The process of separation and divorce sets up an almost impossible situation for parents. At the same time that they need time out for themselves — to deal with the emotions and stress accompanying the loss of their marriage and to decide a new course of action — their children have the greatest need for reliability and assurances of love. Absorbed in their own problems, parents may become less affectionate with their children or fail to discipline them consistently. The more parents pull back to regroup after a divorce, however, the more fiercely children show their need for attention. When both parents and children have lost their emotional equilibrium, they exacerbate each other’s problems. The keys to breaking this cycle are for parents to:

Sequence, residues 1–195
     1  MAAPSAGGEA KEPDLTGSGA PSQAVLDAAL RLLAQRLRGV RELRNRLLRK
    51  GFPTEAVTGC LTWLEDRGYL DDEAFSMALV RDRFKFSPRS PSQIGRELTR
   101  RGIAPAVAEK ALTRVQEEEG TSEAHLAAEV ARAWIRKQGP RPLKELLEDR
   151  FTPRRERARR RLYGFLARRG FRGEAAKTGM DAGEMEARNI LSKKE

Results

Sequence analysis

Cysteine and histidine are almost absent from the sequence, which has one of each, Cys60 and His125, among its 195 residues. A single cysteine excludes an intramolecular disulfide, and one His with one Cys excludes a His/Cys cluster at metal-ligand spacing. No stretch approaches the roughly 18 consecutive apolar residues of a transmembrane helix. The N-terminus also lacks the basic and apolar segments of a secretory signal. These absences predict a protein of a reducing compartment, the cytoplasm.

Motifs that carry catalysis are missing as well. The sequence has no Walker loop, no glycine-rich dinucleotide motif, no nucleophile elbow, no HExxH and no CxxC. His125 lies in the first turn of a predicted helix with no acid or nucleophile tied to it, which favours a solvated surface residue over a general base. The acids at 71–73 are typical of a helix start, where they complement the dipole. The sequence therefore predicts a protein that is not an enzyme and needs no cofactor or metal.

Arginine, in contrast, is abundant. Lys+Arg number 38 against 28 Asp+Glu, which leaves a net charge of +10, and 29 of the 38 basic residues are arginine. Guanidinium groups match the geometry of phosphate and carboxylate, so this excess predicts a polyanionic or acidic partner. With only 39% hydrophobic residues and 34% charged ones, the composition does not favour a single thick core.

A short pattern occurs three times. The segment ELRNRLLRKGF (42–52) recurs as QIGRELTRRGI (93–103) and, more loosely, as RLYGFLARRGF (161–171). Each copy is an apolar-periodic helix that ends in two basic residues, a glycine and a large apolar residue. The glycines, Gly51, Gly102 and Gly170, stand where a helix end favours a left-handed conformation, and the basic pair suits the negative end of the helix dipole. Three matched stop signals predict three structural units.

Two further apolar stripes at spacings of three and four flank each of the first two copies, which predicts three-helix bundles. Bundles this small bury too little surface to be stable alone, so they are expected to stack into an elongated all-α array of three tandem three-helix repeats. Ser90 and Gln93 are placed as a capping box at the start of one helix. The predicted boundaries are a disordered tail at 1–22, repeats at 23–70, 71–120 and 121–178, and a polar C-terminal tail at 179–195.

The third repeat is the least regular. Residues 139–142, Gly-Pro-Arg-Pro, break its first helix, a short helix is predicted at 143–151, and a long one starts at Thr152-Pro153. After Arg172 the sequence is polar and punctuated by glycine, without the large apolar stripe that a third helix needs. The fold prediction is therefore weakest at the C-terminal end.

- Take control of their lives
- Create a nurturing, predictable environment for the children
- Learn to deal with the children authoritatively
- Be aware of some of the problems that divorced parents commonly encounter (as described later in this article).
When a husband and wife first separate and divorce, they experience the gamut of emotions from sadness, anxiety, guilt, shame, and shock to elation over believing that all their problems are now solved. The spouse who didn’t want the divorce may feel worthless and unlovable; the spouse who wanted the divorce may have second thoughts. There is no one order for these emotions; each may come and go again and again. It’s vitally important that parents overcome these reactions and, for the children’s well-being, learn how to handle the stresses brought about by the divorce. The children’s adjustment is directly linked to the adjustment of the parents